Saturday, January 21, 2017

Why does our society's sense of morality have to be based on excluding people?

“Those who are tolerant and broad-minded make people feel comfortable and at ease,” SGI President Daisaku Ikeda says. “Narrow, intolerant people who go around berating others for the slightest thing, or who make a great commotion each time some problem arises, just exhaust everyone and inspire fear” (Faith into Action: Thoughts on Selected Topics, pg. 14). These are such apropos words for our nation’s current social, political, and religious climate.

I’ve been thinking a lot lately about the moral ideas that motivated the political and ideological direction our country has shifted into, and which have plunged our culture and our politics into a moral and ethical setback. While some people see recent events as some sort of triumph for so-called Christian values, I can’t help but think that Jesus Christ himself would be just as disheartened as the rest of us if He was here among us watching and reacting to the news as an ordinary person would.

The main question that comes to my mind right now is, why does our sense of morality have to be based on excluding people? By any traditional American definition of “morality,” it seems that the more “moral” a person is, the more individuals--or entire types of people--that person must exclude and marginalize.

In a previous post, I described the distinctions between commandment-based morality and ahimsa morality, the latter being the moral code more typical of “Eastern” religions such as Hinduism and Buddhism. The most basic understanding of ahimsa includes the motivation to “do no harm,” or to let compassion and love of humanity be our moral motivation, instead of fear of punishment from an authoritarian father-deity.

Authoritarians have an easy time bending commandment-morality to suit their purposes. They promote an image of an authoritarian, wrathful God, with characteristics that sound conveniently just like theirs, ironically in the name of Jesus Christ who preached about God’s mercy and forgiveness, and whose death was supposed to assure salvation for his devotees from all the horrors that today’s authoritarians threaten us with if we allow gays, Muslims, women who would consider abortion, "liberals, " etc. to have a respectable place and equal rights in our society.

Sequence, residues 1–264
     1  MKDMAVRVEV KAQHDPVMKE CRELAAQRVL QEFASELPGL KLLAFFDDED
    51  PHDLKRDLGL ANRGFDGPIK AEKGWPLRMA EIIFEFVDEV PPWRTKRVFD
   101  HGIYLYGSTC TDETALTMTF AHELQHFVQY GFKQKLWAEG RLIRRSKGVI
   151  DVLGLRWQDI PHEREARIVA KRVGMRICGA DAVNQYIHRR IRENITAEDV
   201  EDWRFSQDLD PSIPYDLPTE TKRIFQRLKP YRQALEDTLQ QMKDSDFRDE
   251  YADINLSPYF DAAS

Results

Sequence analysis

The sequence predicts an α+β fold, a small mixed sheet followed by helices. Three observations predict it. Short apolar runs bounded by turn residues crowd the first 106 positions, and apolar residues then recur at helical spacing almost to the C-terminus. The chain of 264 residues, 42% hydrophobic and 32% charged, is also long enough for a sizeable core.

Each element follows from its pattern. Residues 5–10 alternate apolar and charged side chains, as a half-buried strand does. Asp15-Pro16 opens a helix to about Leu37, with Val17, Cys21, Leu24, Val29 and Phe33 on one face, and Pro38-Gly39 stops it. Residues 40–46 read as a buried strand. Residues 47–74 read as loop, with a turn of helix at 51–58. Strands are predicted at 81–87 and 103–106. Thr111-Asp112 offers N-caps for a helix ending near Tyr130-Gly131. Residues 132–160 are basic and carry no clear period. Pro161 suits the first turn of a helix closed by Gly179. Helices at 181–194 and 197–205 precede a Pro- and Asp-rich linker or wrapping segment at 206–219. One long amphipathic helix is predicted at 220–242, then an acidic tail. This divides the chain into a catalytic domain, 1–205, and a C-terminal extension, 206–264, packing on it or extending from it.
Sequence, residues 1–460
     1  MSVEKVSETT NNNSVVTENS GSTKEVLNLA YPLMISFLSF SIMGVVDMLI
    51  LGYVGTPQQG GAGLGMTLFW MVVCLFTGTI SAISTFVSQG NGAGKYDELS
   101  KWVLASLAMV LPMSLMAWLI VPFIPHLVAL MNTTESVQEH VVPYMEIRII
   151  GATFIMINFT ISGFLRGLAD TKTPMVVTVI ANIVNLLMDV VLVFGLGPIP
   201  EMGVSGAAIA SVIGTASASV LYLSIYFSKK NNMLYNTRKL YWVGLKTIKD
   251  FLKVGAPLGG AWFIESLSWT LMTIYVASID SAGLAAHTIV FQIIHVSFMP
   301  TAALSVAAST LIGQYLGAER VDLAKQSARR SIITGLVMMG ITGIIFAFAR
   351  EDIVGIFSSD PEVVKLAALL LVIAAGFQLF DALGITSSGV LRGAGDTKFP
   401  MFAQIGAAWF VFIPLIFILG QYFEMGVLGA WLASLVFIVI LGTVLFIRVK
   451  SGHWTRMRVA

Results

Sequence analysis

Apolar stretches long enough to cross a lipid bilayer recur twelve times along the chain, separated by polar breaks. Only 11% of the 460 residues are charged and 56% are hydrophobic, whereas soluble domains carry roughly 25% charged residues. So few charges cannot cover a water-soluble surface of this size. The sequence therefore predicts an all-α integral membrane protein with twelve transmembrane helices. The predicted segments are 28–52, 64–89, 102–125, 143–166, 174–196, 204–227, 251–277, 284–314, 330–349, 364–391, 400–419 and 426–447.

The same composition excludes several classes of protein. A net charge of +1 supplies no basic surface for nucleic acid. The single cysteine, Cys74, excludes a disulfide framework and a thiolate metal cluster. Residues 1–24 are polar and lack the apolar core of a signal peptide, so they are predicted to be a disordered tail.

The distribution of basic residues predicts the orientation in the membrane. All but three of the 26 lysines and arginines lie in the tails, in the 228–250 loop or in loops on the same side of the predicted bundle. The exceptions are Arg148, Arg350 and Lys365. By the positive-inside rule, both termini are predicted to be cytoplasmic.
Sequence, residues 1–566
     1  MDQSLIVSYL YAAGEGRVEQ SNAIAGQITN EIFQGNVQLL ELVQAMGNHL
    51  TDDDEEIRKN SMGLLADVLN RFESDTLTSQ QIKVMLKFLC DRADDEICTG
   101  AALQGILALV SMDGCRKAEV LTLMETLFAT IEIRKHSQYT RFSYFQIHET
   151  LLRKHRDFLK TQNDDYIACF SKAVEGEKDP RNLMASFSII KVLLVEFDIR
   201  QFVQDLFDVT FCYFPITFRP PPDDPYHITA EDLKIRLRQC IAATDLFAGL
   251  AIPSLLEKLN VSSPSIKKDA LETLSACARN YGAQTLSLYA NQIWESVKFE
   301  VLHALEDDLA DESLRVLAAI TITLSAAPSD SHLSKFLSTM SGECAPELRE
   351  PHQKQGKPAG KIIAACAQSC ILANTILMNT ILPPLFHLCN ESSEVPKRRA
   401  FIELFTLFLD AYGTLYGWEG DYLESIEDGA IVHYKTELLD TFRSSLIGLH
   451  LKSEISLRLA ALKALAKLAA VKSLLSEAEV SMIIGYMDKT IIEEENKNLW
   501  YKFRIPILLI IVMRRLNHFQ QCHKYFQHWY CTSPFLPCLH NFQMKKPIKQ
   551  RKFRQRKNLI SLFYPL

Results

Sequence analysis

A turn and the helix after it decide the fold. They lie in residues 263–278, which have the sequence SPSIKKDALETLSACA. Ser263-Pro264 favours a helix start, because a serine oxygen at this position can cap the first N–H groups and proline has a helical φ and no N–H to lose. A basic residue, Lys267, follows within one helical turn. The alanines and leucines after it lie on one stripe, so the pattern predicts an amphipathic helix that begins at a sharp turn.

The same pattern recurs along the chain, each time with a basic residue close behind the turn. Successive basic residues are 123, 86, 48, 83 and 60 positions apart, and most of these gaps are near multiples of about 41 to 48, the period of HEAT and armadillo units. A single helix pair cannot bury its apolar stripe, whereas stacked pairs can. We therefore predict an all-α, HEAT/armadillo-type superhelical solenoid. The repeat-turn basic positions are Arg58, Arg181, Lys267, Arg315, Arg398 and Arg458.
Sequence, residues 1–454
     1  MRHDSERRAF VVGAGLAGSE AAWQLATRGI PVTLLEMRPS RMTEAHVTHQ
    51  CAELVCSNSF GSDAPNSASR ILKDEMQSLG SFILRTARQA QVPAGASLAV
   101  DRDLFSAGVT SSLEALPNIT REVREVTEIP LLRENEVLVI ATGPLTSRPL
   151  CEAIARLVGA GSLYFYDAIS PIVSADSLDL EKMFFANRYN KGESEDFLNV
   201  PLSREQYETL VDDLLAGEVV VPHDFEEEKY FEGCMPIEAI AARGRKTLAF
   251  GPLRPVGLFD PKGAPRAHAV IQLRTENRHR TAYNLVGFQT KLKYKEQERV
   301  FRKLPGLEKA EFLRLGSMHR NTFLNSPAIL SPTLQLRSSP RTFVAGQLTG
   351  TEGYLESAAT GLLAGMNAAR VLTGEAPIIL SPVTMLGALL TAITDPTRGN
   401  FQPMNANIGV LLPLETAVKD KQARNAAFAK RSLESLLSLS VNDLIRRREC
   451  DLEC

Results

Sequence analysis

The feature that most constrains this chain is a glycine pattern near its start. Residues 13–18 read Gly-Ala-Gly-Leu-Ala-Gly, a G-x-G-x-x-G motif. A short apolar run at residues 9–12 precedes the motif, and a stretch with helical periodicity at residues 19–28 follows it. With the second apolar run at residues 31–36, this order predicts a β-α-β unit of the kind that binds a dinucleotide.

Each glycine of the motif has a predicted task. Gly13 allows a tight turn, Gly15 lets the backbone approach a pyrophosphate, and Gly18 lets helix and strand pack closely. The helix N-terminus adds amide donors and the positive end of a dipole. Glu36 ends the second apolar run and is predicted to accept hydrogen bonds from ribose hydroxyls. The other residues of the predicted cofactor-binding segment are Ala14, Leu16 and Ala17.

Since authoritarians can’t bend moral ideas based on ahimsa to their will, they preach against such morality as being too “soft” on people, and that the idea of accepting homosexuality, or practicing religions that don’t 100% agree with their religion, or enjoying anything classifiable as “decadent” that doesn’t fit in their narrow catalogue of acceptable behaviors and lifestyles is overly “permissive,” and sure to lead us on a path of moral decline and self-destruction.

Thus, it seems that the uncompromising, loveless version of commandment-morality that is being preached in many churches and by many politicians today only serves a small percentage of the population. It simply doesn’t allow for much human variety, defining morality in such narrow terms that it leaves more people out than it accepts.

When the moral code so heavily emphasizes excluding certain types of people, it’s a short and easy step to cross over into using it to justify discrimination against and deprivation of basic human rights to anyone who is considered by that system as morally objectionable. A “moral” person then has no choice but to reject and marginalize such people, because their moral system does not teach them any flexibility or adaptive skills for relating with people who express any part of the range of human experience that they are unfamiliar with.

That moral code seems to assume that we need to keep such a tight, mistrusting hold on ourselves to avoid totally dissolving into hedonism, as though we human beings aren’t capable of managing ourselves with our own skillsets and human nature to love, without having to be controlled by an authoritarian moral system.

If we really look at the results of this moral system, however, we’ll see that it hasn’t prevented the moral chaos it so fears—It actually created it.

I’ll elaborate on this in my next post.




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Heart illustration by Karla Joy Huber, 2013; Prismacolor and Sharpie marker

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